The Orb from Beyond

One of my favorite weekly photo fiction prompts is Sunday Photo Fiction.

I always enjoy the artwork from Al and his Mixed Bag.

That first day, the Orb floated down to us, gently, cautiously.

It was nearly transparent, but not quite, as though it were using some sort of camouflage to allow for the proper background, but blurred, like it couldn’t get it quite right.

It didn’t matter. What mattered was inside. The beings were similar to us. They stood nearly two meters tall, varied colors of flesh, though most in that first Orb were light colored.

“We come from the next planet,” the shortest one said. “The planet farther from the galaxy’s star.”

There was no need for translation. They spoke our language adequately. They admitted to studying us for some time. They had also let us know they were coming — in peace they told us. We had readied in case they lied, but that was three cycles ago. They hadn’t lied.

I was there the day the Orb landed. That image is frozen in my mind.

I’d dreamt of traveling to other worlds since I was a boy. Now here I was, on board one of their Orbs, heading to their planet.

I couldn’t wait. The name of their world played over and over on the tip of my tongue: “Earth.”

 

Well played

Sunday Photo Fiction time (I’ve been away too long) and another opportunity to turn a picture that’s worth a thousand words into a picture of 200 words or fewer — hopefully.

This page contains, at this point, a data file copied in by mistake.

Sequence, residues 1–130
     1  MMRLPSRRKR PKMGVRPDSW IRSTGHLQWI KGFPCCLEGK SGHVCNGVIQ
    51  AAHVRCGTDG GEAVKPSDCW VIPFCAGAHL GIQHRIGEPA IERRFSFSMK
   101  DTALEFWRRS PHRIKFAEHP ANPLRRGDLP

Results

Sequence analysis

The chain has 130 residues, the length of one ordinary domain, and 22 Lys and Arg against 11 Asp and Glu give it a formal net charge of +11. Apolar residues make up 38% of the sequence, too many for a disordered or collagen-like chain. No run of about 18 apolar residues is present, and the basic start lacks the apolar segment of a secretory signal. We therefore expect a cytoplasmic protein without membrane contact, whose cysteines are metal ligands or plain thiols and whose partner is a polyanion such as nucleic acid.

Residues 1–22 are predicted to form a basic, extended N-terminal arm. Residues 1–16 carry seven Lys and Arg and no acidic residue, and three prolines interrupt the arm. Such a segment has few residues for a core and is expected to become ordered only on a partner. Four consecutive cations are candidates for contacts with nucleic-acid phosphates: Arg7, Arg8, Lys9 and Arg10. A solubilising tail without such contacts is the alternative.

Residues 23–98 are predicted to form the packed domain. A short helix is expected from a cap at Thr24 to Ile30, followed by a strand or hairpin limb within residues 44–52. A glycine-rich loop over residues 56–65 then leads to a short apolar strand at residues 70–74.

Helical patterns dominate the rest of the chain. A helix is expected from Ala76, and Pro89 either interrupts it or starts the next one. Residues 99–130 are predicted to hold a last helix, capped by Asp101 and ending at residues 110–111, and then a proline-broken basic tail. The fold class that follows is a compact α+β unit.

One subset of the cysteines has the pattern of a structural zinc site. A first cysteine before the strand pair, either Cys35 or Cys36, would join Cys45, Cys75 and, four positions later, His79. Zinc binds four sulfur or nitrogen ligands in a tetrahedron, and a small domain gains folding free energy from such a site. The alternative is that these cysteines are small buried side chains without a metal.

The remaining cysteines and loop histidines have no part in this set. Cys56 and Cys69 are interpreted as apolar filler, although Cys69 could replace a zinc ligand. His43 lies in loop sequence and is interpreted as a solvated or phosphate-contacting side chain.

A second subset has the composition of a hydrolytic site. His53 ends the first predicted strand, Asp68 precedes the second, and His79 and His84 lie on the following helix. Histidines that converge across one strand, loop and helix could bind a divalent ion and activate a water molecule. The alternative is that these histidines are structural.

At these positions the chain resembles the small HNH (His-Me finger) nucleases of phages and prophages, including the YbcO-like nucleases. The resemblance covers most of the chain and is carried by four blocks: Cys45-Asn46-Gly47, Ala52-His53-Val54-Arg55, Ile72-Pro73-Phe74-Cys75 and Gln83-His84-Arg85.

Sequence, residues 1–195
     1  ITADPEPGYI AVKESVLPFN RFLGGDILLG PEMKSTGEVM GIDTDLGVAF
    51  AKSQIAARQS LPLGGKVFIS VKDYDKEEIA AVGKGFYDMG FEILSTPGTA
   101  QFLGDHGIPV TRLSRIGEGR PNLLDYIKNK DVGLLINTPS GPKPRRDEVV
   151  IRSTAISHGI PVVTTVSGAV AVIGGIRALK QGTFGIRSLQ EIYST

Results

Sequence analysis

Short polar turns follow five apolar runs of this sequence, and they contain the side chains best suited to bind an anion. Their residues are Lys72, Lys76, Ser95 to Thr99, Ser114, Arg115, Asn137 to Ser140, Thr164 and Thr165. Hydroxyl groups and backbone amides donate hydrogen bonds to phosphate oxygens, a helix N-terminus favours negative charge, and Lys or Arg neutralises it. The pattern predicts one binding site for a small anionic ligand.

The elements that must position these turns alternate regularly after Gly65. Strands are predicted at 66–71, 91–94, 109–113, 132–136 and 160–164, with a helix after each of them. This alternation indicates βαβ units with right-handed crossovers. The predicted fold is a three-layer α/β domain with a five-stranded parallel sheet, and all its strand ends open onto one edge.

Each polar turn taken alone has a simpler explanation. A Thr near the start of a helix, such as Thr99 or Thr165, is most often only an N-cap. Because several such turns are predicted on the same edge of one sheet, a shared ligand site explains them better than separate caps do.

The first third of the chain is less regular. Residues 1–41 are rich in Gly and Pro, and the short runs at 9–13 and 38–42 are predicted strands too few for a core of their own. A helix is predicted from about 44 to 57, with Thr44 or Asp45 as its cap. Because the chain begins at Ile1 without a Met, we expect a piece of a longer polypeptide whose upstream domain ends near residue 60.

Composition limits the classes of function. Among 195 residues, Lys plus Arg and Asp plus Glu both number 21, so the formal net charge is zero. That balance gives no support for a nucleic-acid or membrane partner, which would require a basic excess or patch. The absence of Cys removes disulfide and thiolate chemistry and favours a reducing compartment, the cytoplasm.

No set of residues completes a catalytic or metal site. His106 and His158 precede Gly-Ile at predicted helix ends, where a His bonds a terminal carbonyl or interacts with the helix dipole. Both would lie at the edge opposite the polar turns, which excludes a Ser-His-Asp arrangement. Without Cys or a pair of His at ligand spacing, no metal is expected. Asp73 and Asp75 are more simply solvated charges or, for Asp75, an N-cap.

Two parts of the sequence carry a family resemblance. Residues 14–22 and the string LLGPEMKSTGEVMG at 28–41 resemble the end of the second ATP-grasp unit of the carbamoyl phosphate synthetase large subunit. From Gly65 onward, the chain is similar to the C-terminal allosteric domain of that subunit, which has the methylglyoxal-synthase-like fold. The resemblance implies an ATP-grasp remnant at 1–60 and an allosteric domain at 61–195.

Where to go with that oh-so-harmless-looking well?

“Back to the well,” Jax said, a wry smile on his face.

It was a running joke. A well with no water, sandwiched in an alley and flanked by a flower bed that never needed watering. No one knew why. The soil was permanently wet and the flowers forever nourished.

“I’m welling up,” I replied.

The running joke had become a game. How many bad puns could you come up with before drawing a blank.

“Well said,” Jax answered.

“Well played,” I replied.

“Well enough?”

“I’ll allow it, though I don’t feel well about it.”

“Well done.” Actual awe in Jax’s voice.

“Well, I am the best.”

“Well, why not feel that way,” he said. “You’ve done well for yourself so far.”

“Ouch, a double helping of wellness,” I mocked.

“That doesn’t count,” he jumped in.